# Dr. Nermin Hamza. Agenda Signed Numbers Properties of Switching Algebra.

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Dr. Nermin Hamza

Agenda Signed Numbers Properties of Switching Algebra

Signed Numbers + 9 or -9 In binary system : the left most bit in the most significant bit of the number 0 for – 1 for + Example : let 9 = 1001 So +9 01001 and -9 11001

Code Systems Binary codes Binary coded decimal (BCD) Gray Code ASCII Code Error Detecting Code

BCD BCD: Binary Coded Decimal The one digits takes from 0 to 9 in decimal In BCD, a digit is usually represented by four bits which, in general, represent the decimal digits 0 through 9. Other bit combinations are sometimes used for a sign or for other indications (e.g., error or overflow).

The 8421 BCD Code BCD stands for Binary-Coded Decimal. A BCD number is a four-bit binary group that represents one of the ten decimal digits 0 through 9. Example: Decimal number 4926 4 9 2 6 8421 BCD coded number 0100 1001 0010 0110

BCD Decimal  BCD 0123456789 0000000100100011010001010110011110001001 127 127 000100100111

Example : (185) 10  (??) BCD Solution : (0001 1000 0101) BCD BCD

Convert the BCD coded number 1000 0111 0001 into decimal. Solve Decimal Number 8 7 1 BCD Coded Number 1000 0111 0001

Convert the decimal number 350 to its BCD equivalent. Decimal Number 3 5 0 BCD Coded Number 0011 0101 0000 Solve

BCD Addition BCD is a numerical code and can be used in arithmetic operations. Here is how to add two BCD numbers: Add the two BCD numbers, using the rules for basic binary addition. If a 4-bit sum is equal to or less than 9, it is a valid BCD number. If a 4-bit sum > 9, or if a carry out of the 4-bit group is generated it is an invalid result. Add 6 (0110) to a 4-bit sum in order to skip the six the invalid states and return the code to 8421. If a carry results when 6 is added, simply add the carry to the next 4-bit group.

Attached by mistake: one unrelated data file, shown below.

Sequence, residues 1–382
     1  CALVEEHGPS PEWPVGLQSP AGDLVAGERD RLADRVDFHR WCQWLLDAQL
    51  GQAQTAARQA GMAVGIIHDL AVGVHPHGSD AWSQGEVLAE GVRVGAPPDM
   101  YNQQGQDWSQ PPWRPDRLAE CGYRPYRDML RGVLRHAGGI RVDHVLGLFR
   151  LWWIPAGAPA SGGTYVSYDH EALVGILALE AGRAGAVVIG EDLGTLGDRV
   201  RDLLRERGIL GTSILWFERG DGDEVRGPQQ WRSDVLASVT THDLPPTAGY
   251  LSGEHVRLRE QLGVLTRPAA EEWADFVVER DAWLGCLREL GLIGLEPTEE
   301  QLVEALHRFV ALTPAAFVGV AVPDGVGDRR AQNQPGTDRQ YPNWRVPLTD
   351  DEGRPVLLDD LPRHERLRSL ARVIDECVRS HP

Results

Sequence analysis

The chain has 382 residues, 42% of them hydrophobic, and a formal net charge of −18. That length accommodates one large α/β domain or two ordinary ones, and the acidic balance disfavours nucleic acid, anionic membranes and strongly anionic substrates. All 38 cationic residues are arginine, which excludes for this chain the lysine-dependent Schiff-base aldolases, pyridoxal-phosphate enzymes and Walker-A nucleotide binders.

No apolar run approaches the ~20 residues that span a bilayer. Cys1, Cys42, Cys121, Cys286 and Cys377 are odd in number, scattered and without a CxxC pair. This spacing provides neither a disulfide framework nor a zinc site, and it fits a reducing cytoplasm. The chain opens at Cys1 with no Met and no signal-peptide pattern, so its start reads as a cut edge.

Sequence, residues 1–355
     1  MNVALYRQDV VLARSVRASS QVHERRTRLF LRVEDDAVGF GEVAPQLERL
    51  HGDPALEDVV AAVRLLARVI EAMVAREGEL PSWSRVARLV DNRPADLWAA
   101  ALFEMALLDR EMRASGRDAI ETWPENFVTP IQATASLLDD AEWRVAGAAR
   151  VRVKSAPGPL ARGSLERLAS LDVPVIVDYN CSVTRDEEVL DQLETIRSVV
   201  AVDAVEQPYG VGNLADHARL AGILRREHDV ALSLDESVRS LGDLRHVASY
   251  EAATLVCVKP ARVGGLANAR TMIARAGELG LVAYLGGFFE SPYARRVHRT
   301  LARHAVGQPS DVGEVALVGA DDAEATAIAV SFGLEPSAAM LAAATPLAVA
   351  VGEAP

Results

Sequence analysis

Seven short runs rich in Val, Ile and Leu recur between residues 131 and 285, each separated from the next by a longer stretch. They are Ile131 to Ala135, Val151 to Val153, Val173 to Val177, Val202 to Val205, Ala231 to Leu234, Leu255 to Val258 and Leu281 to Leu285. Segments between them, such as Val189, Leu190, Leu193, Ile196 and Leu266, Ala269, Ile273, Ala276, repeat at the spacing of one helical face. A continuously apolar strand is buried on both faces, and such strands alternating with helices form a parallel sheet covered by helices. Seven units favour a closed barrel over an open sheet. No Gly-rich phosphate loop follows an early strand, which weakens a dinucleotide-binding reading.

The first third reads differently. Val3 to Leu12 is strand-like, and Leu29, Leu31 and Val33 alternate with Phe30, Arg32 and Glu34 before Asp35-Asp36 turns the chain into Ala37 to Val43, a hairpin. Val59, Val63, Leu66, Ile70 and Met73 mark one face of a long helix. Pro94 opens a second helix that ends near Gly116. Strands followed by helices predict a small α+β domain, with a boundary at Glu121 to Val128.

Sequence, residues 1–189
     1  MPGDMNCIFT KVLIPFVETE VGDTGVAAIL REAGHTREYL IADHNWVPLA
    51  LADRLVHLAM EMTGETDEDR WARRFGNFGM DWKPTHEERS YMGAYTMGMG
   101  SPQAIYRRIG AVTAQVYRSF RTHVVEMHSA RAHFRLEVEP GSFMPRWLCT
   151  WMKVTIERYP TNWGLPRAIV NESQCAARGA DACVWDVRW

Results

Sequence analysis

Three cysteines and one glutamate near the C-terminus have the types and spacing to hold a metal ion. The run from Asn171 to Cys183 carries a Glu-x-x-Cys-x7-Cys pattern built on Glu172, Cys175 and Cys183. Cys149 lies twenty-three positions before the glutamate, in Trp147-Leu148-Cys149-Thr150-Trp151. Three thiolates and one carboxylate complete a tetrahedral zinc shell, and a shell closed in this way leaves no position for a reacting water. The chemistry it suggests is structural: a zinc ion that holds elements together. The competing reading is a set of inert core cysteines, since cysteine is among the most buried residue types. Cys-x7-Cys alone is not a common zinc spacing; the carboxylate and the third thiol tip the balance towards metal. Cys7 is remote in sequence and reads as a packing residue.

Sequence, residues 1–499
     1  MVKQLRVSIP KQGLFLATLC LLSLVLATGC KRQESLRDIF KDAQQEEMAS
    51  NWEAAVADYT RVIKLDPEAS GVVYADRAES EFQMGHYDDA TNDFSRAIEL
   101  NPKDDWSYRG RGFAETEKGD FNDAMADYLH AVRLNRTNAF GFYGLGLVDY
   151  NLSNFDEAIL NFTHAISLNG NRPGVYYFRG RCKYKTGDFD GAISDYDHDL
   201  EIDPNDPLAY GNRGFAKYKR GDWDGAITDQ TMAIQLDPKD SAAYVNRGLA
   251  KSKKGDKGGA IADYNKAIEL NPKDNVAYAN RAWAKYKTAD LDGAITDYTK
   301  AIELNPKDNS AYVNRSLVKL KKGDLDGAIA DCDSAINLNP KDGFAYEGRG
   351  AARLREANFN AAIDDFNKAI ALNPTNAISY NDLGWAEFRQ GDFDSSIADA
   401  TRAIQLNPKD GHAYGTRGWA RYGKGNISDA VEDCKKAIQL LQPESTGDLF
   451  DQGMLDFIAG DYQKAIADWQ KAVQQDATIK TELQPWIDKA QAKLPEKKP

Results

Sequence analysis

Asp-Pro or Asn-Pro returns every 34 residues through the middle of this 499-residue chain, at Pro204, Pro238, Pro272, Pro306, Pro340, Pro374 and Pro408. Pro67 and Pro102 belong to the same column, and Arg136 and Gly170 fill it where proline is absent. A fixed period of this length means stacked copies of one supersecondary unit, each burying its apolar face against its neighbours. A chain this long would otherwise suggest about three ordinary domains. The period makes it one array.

BCD BCD addition 40100 + 50101 ---------------- 9 1001

BCD What happen if more than 9 ? Because 4 bits up to 15 which is 1111 15-9 = 6  0110 add 6 and create the second bit significant 40100 + 81000 --------------------------- +121100 + 0110 --------- 10010 The solution is 12 which means : 0001 0010

BCD Example : add 8+9 The solution is : 81000 + 91001 --------------------------------- + 17 10111

BCD Example : 184 + 576 (0001 1000 0100)+(0101 0111 0110) 1 1 0001 10000100184 + 0101 0111 0110576 ------------------------------------------------------------------------------------------- 0111100001010 01100110 -------------------------------------------------------------------------------------------- 0111 01100000760

BCD Solve: 145+679 The solution :